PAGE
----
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Menampilkan postingan dari Desember, 2007

1 Investment to Rule Them All

A friend once asked me, “How do I start investing if I don’t have much money?”
That is a legitimate question, especially for students just out of college or working adults who have just entered the corporate world.
To answer my friend’s question, I jogged back my memory to recall out how I first started investing. I, too, didn’t have much money when I started my investing journey.
I remember all I had was the monthly allowance given to me during National Service, which I had squirrelled away diligently.
With the money I had, I invested in books on personal finance and stock market investing. I remember the first book I bought was Rich Dad, Poor Dad by Robert Kiyosaki. I also went for an investment course to help bring down the steep learning curve (I had no accounting or finance background from school).
Essentially, what I did was to invest in myself. By investing in myself and not on a broker’s hot tip, I accumulated the knowledge needed to navigate the stock market.
Warren Buffett,…

6 Tips for Keeping Your Retirement on Track at Age 50

When it comes to preparing for retirement, 50 can be a pivotal age. At that age, most people are just 10 to 15 years away from leaving the workforce, and time is relatively limited to save for retirement.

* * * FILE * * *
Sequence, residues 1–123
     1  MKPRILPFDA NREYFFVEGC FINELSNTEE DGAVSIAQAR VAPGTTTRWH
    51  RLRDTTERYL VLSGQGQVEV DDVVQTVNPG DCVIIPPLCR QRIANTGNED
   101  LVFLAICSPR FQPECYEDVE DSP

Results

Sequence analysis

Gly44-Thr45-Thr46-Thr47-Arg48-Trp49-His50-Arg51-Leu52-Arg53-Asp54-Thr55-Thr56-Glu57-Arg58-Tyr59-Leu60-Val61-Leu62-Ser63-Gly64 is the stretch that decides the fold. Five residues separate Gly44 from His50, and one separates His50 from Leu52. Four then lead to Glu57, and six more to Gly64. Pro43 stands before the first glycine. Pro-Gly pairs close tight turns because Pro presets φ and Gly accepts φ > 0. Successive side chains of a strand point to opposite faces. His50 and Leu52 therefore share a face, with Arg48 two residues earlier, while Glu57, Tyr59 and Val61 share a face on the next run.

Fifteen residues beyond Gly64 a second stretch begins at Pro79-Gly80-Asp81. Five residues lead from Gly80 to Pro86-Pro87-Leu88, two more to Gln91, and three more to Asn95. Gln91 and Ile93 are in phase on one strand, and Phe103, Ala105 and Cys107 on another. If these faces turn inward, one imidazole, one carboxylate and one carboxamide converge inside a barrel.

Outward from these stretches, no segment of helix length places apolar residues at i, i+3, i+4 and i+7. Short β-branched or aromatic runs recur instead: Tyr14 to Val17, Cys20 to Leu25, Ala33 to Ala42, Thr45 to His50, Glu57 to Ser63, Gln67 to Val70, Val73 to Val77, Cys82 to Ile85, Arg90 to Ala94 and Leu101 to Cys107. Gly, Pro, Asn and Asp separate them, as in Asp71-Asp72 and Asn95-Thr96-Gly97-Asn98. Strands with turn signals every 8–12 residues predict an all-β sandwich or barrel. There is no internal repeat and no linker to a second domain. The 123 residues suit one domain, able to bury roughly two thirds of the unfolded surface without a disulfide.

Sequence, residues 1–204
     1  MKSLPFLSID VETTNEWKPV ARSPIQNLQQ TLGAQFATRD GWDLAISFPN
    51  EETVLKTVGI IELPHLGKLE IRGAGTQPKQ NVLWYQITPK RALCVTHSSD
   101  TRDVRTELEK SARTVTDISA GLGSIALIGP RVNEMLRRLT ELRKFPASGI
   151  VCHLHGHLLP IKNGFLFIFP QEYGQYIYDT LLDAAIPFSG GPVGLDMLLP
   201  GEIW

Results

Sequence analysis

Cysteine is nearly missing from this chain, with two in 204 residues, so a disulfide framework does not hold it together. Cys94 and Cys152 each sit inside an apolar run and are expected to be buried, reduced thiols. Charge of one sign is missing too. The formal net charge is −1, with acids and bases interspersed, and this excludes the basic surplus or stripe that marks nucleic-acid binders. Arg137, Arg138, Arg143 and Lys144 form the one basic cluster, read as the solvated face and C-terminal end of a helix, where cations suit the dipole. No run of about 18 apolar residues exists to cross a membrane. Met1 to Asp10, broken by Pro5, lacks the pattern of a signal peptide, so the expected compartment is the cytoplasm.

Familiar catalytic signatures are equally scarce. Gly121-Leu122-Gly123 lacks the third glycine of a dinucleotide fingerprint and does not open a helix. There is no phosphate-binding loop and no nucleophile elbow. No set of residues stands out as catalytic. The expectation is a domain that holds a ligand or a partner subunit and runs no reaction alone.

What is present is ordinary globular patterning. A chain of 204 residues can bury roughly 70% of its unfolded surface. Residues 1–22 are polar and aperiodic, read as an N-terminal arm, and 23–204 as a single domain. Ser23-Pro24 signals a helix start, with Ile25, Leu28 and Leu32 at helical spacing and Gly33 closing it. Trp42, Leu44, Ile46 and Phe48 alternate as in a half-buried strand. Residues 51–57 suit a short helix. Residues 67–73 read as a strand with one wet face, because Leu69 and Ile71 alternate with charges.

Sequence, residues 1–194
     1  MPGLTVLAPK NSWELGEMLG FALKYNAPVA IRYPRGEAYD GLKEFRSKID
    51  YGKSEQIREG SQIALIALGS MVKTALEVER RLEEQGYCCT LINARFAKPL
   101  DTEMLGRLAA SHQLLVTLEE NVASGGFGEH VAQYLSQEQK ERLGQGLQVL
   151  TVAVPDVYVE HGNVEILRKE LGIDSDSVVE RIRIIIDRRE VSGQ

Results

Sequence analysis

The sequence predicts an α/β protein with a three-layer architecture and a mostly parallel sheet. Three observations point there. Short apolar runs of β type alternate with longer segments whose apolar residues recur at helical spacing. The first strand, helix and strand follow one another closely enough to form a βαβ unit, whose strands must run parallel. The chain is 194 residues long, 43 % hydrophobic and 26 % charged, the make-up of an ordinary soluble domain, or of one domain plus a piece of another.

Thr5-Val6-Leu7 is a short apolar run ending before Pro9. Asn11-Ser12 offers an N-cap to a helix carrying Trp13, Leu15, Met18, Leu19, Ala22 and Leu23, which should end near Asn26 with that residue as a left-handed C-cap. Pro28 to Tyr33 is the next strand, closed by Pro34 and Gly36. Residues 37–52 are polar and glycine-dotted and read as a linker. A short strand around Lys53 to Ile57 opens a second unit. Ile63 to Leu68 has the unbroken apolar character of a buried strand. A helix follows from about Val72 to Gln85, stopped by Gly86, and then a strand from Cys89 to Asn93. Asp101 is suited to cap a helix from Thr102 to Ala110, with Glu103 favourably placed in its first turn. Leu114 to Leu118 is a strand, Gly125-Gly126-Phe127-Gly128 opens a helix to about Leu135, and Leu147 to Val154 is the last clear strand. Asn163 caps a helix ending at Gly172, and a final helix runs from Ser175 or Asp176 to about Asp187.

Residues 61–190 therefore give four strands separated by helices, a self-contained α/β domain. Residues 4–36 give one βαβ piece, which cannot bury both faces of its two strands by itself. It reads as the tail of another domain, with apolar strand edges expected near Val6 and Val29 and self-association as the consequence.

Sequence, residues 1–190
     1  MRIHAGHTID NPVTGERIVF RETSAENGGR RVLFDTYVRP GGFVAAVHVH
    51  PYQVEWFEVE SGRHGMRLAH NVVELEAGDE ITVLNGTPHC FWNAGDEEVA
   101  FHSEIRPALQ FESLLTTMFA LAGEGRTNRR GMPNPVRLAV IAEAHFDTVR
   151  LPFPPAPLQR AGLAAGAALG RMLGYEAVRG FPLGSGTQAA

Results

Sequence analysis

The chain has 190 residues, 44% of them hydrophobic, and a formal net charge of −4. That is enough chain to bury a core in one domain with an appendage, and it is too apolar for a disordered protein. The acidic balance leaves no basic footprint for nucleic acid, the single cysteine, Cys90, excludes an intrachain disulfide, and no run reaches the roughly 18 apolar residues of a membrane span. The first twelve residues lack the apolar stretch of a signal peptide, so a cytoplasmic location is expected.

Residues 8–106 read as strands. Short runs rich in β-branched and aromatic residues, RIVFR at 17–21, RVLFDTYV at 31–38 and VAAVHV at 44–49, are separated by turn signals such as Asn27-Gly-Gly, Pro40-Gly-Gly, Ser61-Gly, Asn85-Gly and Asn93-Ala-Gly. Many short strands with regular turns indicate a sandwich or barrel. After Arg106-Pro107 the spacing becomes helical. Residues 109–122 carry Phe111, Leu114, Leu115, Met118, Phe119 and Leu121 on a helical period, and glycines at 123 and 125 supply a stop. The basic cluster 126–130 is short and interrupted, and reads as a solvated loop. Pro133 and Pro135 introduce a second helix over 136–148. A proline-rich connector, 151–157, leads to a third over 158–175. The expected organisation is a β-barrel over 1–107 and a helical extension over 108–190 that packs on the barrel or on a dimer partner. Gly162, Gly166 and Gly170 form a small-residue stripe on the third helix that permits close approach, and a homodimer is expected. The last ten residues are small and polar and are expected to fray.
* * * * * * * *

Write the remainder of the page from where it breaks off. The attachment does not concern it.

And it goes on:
But with a decade or more of work still remaining, you have enough time to make changes to your retirement savings strategy to ensure you reach your savings goals.
"Add up all of your life savings—your 401(k), your investments, the money under the mattress—and then divide that by 25. Could you live on that amount comfortably for one year?" asks David Rae, a certified financial planner and founder of DRM Wealth Management. "If the answer is yes, then you may be on track for retirement. If its no, it's time to sit down with a fiduciary financial planner to figure out what else you can do to secure your financial future."
Rae's formula of dividing by 25 is based on the assumption that people will withdraw about 4% per year from their retirement funds to live…

5 Biases and Fallacies that Make Us Terrible With Money

Human beings are intelligent people, capable of making good decisions, weighing all options and making a rational and well thought out conclusion. However, sometimes it feels like we act irrationally without even realizing we are doing it. In some cases, our brains are hard wired or pre-dispositioned to behave in a certain way if our conscious mind does not take over and think rationally.

Luckily, because of our conscious mind, we can override our natural evolutionary desire to act irrationally in certain instances. Here are 5 biases and fallacies that make us terrible with money and how we can overcome them.
1. Recency bias
Recency bias occurs when we base on current or future behavior or outcome on what has happened in the recent past. Put differently, whatever is happening now, will also happen tomorrow and the day after. Recency bias occurs because of our flawed and selective memory. Most people’s memories are not as good as they think and much of what we do remember may be distort…